Life-saving charity Glasgow Humane Society in cash plea
One of Scotland's oldest charities has launched a fundraising appeal to continue more than 200 years of life-saving work on the River Clyde.
The Glasgow Humane Society needs £100,000 to renew its equipment and buy a new patrol boat and support vehicle.
Its "Riverman Appeal" has been launched on the society's 221st birthday.
Over the last 10 years the organisation is believed to have saved the lives of 201 people and prevented a further 611 from drowning on Glasgow's waterways.
The Glasgow Humane Society was set up in 1790 with a £200 legacy from local merchant James Coulter for the "prevention of accidents, rescue and recovery" of people on the Clyde and the city's waterways.
Since then, the society's officers, known as "the Riverman", and lifeguard volunteers, have saved thousands of lives.
Society chairman John Park said: "This is our first-ever appeal to raise money. We need the £100,000 for much-needed new equipment so we can continue in the years ahead our life-saving work, search and recovery on the River Clyde.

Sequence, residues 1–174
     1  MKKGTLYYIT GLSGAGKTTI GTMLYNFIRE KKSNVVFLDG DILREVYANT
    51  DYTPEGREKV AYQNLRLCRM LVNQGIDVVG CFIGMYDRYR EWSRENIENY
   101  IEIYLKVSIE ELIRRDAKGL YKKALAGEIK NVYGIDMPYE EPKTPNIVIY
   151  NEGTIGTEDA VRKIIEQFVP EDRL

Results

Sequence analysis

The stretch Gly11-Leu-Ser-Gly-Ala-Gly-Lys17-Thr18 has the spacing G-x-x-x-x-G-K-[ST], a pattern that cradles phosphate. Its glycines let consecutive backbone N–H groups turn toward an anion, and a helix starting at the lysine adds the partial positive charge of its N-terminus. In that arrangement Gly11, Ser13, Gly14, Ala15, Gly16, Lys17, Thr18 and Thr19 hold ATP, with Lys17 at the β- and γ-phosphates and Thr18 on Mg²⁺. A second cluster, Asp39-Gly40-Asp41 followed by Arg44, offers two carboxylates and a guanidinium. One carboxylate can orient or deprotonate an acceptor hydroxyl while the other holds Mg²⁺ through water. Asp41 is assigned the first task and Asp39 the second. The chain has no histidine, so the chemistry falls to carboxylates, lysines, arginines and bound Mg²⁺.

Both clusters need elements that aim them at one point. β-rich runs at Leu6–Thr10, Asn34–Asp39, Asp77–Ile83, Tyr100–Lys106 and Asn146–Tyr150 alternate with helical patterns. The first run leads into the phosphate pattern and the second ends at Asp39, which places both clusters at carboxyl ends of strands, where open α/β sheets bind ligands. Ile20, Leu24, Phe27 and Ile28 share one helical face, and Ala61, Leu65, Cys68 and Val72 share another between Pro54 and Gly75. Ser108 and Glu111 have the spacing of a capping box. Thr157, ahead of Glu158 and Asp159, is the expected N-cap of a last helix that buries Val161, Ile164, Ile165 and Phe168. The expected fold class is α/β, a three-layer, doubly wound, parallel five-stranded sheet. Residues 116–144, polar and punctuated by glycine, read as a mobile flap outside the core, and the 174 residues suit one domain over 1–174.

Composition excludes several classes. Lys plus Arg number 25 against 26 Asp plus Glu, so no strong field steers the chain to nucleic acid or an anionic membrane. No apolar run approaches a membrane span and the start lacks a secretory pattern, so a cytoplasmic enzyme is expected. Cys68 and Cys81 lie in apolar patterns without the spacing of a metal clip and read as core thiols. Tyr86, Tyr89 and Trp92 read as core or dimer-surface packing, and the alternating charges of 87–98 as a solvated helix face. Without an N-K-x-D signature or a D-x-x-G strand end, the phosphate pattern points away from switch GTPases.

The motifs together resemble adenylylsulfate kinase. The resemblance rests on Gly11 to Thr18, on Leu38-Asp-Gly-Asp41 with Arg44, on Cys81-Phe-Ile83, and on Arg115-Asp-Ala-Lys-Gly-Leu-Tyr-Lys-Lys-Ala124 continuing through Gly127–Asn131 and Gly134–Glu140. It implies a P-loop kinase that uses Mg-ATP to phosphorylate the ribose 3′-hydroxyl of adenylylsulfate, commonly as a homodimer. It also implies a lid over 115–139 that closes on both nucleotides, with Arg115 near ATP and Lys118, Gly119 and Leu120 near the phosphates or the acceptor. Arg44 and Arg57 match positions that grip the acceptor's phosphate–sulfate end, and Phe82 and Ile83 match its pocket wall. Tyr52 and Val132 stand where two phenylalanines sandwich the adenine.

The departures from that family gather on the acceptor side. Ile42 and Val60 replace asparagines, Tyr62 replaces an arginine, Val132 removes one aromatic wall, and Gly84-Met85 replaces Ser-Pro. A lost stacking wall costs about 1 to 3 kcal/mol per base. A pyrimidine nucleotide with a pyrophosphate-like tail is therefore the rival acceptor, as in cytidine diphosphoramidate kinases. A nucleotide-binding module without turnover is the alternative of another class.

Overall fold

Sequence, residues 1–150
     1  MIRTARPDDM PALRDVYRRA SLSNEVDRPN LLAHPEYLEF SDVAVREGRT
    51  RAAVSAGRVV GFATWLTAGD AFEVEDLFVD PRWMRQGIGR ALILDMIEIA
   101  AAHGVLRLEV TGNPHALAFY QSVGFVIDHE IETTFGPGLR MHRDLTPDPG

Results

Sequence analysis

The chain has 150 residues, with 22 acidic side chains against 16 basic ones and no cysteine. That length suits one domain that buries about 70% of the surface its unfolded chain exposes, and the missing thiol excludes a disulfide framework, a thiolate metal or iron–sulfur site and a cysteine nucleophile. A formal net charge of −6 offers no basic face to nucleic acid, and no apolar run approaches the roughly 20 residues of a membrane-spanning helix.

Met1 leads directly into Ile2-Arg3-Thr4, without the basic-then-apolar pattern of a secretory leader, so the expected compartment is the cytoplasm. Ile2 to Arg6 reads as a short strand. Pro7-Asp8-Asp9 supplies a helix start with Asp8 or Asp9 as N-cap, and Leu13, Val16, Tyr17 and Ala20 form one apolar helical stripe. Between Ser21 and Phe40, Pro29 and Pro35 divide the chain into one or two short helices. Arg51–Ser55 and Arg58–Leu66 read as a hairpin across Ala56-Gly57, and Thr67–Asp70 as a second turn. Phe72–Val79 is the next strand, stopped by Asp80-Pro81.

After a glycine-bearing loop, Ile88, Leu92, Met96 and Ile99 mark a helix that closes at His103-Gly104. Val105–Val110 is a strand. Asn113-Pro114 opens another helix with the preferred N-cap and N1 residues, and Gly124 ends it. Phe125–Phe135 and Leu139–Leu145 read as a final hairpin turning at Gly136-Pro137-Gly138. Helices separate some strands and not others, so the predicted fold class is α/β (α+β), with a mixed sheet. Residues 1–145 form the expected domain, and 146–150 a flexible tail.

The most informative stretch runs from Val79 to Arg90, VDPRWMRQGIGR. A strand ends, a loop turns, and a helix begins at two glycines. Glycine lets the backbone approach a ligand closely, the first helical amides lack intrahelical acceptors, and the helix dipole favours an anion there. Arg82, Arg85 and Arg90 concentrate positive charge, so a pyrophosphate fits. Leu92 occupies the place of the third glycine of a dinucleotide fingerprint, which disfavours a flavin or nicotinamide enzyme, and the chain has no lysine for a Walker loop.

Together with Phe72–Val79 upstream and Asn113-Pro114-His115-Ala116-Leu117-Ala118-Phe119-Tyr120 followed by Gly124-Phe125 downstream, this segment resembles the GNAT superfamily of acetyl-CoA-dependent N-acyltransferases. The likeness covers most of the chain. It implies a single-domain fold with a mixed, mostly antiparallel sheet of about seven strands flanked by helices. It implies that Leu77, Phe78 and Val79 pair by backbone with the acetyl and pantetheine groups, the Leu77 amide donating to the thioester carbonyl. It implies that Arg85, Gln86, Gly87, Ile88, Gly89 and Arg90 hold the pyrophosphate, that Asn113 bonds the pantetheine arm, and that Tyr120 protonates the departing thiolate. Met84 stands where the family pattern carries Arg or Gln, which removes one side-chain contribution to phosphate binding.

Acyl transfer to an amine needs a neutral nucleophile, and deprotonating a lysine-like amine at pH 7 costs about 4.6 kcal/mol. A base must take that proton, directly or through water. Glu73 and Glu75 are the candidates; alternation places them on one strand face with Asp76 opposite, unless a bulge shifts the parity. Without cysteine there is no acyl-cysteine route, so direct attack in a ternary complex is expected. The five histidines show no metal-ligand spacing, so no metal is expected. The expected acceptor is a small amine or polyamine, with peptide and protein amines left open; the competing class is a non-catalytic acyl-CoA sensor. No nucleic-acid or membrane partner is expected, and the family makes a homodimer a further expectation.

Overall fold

'Now in its third century, the Glasgow Humane Society has still a big role to play in making the city's river and waterways safer and prevent water accidents.
"We are an ever-present voluntary resource to the statutory emergency services and always on hand for the hundreds of sports and boat users on the Clyde each week and the many thousands who use the waterway walkways."
The society works in partnership with Glasgow City Council and neighbouring authorities, Strathclyde Police, Strathclyde Fire and Rescue Service and the Scottish Ambulance Service.
Glasgow's Lord Provost Bob Winter said the society was a "well-loved" organisation "to which thousands owe their lives".
He said: "We owe a big debt of gratitude to the society's officers and the volunteer lifeguards who patrol the River Clyde and our city's waterways seven days a week to make them safer for all of us.
"Over the last 10 years the society has saved the lives of 201 people and prevented a further 611 from drowning.
"So it is with a great sense of pride and purpose that we launch the Riverman Appeal today on the Society's 221st birthday."